He promises he will switch the TV off at 10.30 and text me to let me know it’s off, but I don’t hear from him and as it gets closer to 11pm I don’t know if he has closed it down or not, or whether he’s fallen asleep with it all blasting out. It's happened too many times before for me to ignore. 
It’s not that I don’t trust him, but the cognitive blunting of HD and the effects of the drink mean that he says one thing and does another. 

The drinking seems to have taken over his life and although it makes me dance up and down with frustration, I can kind of see why. Yesterday we looked at the new set of properties available on the council website on his laptop – or rather, I looked and he vaguely focussed on it. It’s like an estate agent’s register of properties with photos and tenant information, and filtered according to your individual need – in Nick’s case, an accessible ground floor property with an adapted bathroom. He is in band B, a priority case with an urgent need for re-housing. Unfortunately, adapted ground floor properties are thin on the ground as it is and to find one within this postcode will be a rare gem indeed. 

I’ve made a bid for a bungalow in a not-very-fabulous part of town but we are not in any position to be choosy. We’re fifth in line, though that may change over the week, a bit like Ebay I suppose. All the way through this process (which I am new to anyway and not totally confident with myself) I was explaining what we were doing and how the system works, and before I actually pressed “Bid on This Property” what did he think?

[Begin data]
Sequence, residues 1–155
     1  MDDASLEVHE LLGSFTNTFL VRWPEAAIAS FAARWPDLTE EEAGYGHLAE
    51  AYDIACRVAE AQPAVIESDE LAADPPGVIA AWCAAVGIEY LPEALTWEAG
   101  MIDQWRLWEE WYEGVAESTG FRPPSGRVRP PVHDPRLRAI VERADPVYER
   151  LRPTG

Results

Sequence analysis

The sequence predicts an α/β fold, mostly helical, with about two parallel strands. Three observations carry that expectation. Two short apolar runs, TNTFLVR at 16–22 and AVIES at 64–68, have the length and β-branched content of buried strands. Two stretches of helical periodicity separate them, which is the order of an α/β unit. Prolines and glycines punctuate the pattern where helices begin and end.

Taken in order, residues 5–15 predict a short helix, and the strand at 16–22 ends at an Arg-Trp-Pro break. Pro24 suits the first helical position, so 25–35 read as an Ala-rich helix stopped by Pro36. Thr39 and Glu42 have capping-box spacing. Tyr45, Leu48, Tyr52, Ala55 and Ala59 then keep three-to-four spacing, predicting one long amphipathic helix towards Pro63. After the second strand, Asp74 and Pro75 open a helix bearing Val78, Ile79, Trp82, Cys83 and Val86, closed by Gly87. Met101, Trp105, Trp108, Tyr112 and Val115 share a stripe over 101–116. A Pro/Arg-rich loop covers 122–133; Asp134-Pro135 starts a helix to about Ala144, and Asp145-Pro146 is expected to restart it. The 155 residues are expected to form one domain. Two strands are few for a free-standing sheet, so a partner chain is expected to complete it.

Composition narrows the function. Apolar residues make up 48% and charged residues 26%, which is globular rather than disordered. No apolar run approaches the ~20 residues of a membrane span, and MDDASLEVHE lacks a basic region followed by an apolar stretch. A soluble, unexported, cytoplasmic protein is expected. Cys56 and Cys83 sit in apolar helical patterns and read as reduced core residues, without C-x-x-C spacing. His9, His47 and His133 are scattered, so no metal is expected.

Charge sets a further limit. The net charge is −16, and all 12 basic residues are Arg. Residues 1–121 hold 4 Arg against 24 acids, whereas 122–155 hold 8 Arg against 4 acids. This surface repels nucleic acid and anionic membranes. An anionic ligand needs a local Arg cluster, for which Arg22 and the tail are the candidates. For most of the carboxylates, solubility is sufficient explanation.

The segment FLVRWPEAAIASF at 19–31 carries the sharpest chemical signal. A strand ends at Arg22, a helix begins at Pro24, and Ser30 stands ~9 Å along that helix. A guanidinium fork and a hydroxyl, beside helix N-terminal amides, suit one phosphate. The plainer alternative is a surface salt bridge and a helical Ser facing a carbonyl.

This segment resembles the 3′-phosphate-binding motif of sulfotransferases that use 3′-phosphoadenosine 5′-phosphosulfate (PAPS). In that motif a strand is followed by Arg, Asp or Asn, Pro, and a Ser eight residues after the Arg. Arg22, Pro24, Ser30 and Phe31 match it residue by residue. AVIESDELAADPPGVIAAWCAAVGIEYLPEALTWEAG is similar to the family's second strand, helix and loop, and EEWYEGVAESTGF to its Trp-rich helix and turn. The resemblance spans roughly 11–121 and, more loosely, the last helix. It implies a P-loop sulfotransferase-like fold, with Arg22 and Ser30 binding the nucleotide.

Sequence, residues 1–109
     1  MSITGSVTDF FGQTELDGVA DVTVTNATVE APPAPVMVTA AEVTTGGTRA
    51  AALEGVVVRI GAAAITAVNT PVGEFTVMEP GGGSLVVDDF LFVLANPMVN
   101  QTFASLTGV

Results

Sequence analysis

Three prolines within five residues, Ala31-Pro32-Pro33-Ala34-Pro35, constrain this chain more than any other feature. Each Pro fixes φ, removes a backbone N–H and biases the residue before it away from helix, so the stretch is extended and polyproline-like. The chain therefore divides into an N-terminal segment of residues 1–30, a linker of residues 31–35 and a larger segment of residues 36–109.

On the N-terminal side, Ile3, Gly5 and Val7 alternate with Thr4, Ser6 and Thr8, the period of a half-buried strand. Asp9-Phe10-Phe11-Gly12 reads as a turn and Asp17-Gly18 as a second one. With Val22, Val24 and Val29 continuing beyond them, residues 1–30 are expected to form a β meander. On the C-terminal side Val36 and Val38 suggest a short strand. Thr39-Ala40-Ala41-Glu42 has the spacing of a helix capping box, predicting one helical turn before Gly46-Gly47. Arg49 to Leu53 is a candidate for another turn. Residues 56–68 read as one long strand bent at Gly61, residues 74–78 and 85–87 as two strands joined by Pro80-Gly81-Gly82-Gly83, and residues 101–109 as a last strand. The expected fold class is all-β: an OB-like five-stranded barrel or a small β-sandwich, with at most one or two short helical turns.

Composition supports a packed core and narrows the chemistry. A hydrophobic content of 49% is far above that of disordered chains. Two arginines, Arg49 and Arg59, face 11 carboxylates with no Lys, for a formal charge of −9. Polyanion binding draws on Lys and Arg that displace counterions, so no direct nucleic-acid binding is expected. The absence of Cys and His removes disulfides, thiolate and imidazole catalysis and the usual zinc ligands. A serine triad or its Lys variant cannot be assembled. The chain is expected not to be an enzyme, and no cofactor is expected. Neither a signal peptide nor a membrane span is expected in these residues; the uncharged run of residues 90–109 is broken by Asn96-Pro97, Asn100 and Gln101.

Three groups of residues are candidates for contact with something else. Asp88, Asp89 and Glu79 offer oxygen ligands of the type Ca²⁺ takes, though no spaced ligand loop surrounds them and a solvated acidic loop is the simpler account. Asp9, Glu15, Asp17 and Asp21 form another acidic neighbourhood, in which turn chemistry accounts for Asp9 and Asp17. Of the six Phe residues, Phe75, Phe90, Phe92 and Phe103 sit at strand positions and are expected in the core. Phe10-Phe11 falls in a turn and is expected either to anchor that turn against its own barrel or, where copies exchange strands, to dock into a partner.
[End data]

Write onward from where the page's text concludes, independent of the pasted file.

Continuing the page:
It looks very nice” he says. (It doesn’t) And, “I haven’t got enough wine for today. Are you going to bring me some more?
The sodding wine!! Is that really all you can think about? I want to say, and sometimes I do. You're about to be evicted! We don't know where you're going to live! Isn’t it bad enough to have to live with this illness, when you can’t eat without a coughing fit, can’t button your shirt or put your socks on and can hardly manage to make a scrawly signature let alone write your name anymore – do you really have to zone yourself out like this, making it even more difficult to communicate or for anyone to see who you really are?